Setting up a room block at hotels are a great way to help direct guests who will be coming from out of town or want to make a night of it for themselves for your wedding to options that would work well for your event. You want to reserve these blocks as soon as the hotel(s) will allow it (typically 12 months or less out from your date, but some may be earlier than that) and have a good handle on your guest list to help determine how many rooms you want to block off.
Some things to consider and a few of our best tips:
- If you aren’t already, when you choose the hotel you want to book a block of rooms at, join their reward program! Most of the hotels have them and many will give out bonus points for you for having a block there.
- Hotels will think in terms of rooms and nights, meaning you could have a block of 5 rooms, but have 10 nights because all of those rooms are being rented out Friday and Saturday. Keep that in mind if you are getting some kind of bonus that is based on nights, and not how many rooms are rented.
- The best option is to get blocks at hotels that are as close to your venue as possible, since most guests are likely staying at a hotel so they don’t have a long way to travel at the end of night.
- Don’t do blocks at more than three hotels unless you KNOW you will need more.
- Most hotels will give you a direct link or code that guests need to use in order to be counted under your room block. This is particularly important if some reward for you, like a free room or bonus points, is contingent on how many rooms/nights are booked under your block. The link or code should be included on your wedding website and/or save the date and/or invitation. Your contact at the hotel can furnish you with periodic updates of the people who have booked under your booking link or code.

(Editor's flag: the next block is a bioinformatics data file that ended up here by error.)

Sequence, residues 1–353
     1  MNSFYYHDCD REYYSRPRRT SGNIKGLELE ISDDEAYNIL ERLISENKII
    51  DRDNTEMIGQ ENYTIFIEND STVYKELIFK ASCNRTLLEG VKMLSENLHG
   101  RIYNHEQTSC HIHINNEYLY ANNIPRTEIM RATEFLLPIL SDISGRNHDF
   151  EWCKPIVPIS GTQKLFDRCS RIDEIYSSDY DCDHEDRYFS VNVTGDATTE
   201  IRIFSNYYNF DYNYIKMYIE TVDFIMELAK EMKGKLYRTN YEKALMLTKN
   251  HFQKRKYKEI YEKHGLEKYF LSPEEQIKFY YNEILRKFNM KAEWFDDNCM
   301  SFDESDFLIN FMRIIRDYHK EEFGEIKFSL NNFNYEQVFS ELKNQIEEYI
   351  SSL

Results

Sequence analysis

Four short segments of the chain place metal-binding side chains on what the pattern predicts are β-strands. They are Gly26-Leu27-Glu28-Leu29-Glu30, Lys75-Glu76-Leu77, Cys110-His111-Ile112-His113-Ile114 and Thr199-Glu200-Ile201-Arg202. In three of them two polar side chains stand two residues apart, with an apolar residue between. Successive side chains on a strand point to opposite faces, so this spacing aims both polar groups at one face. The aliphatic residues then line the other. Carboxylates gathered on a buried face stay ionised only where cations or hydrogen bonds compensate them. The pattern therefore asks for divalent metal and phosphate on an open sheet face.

- If someone does book a room at a hotel where you have a block but doesn’t use the booking link or code to do so, you can let your contact at the hotel know and they can look to see if that room can still qualify for your reward. If the guest booked it under a third party site, like Expedia, or used points to pay for it, then it likely won’t count towards your reward but they can at least be added to the list of your guests.
- You want as accurate a list of guests staying at each of the hotels as you can, particularly if you are doing welcome bags for them and/or are arranging transportation to and from the hotel. Be sure to include that question on your RSVPS, whether they are being mailed in or being done online.
- If you are arranging transportation to and from hotels, you can’t please everyone. Choose one or two hotels to have the transportation go to, put that information out there, and let people choose from there where they are going to stay.
- Don’t forget about amenities! What is the parking situation? Is there free Wifi? Is breakfast included?
- Very few hotels offer in-house courtesy transportation anymore, and even if they do it’s not very reliable and the shuttles can usually only hold about 12 people. If you want to provide a shuttle for your guests you will want to look into a private company that will do as many trips as you need when you need them.
- Depending on the location of the hotels you are considering, particularly in downtown Minneapolis or St. Paul. rates may fluctuate based on events in town, like sports games. For example, if your hotel is very close to US Bank stadium and you are looking to book a block before the Vikings schedule is released, they will likely quote you a higher rate until they know if there will be a home game the weekend of your wedding. If a Vikings game is not happening that weekend, you may be able to get a reduction in your block rate. If they are in town, you should probably be happy with the rate you are locked into because it might go even higher now!